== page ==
The rudest thing ever said about the US economy was just said about Twitter

Dick CostoloGetty Images, Kevork DjansezianTwitter CEO Dick Costolo

On Tuesday afternoon, Twitter’s earnings leaked early and the results were a disaster.

Revenue missed expectations, as did the company’s outlook for the second quarter and the full-year, and these numbers sent the stock down 18%.

Analysts were not kind to the company.

But perhaps nothing was more brutal than the question posed by Citi analyst Mark May, who asked of Twitter’s quarter: “Growing Pains or the New Normal?”

The “new normal,” for those of you more familiar with economic themes of the past several years, is the idea popularised by Bill Gross, who has said that the US and world economy is now stuck in a low-growth mode. This idea that the economy will basically perform more poorly than it has in past decades is also broadly captured by the term “secular stagnation.”

Currently, Twitter is still viewed by the market as a growth company, meaning that investors aren’t expecting earnings and revenue growth to start slowing down but continue accelerating going forward.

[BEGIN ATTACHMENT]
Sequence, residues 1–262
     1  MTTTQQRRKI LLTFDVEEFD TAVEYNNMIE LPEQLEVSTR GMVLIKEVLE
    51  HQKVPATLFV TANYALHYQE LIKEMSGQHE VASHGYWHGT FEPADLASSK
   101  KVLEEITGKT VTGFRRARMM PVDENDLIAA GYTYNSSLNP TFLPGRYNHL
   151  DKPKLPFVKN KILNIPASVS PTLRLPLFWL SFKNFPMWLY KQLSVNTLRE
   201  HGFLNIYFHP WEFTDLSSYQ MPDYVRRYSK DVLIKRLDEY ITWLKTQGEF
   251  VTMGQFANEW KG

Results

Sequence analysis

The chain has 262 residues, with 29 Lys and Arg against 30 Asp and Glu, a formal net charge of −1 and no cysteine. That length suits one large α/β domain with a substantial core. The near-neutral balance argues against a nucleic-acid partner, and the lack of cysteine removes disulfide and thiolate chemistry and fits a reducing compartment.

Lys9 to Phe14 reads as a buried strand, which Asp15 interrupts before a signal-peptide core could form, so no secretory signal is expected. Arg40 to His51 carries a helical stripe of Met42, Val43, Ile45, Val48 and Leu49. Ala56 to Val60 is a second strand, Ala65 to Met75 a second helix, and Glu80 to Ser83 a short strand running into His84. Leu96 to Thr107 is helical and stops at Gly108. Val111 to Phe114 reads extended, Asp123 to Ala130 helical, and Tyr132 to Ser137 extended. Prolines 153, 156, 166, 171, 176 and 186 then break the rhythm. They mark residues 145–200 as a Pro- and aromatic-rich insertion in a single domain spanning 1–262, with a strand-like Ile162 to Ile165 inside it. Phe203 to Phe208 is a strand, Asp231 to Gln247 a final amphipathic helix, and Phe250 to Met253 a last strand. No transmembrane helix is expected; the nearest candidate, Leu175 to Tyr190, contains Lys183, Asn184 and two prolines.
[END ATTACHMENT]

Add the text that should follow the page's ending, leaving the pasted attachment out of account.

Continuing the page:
Were Twitter to be stuck in a period of “new normal” or just so-so growth, this would spell trouble for the company.

In the first quarter, Twitter reported revenue growth of 74% on user growth of 18%. In the fourth quarter, revenue grew 97% on user growth of 20%.

In his note, May writes:

While [management] is actively pursuing initiatives to improve user growth, the effectiveness of its ad products, and overall monetisation, we continue to believe that many of the bull case assumptions are priced in even at after-market levels. We need to gain more confidence in these user and monetisation growth initiatives before getting constructive.

May has a Neutral rating and a $US44 price target on the stock.

In pre-market trade on Wednesday, Twitter shares were down about 2.8%.

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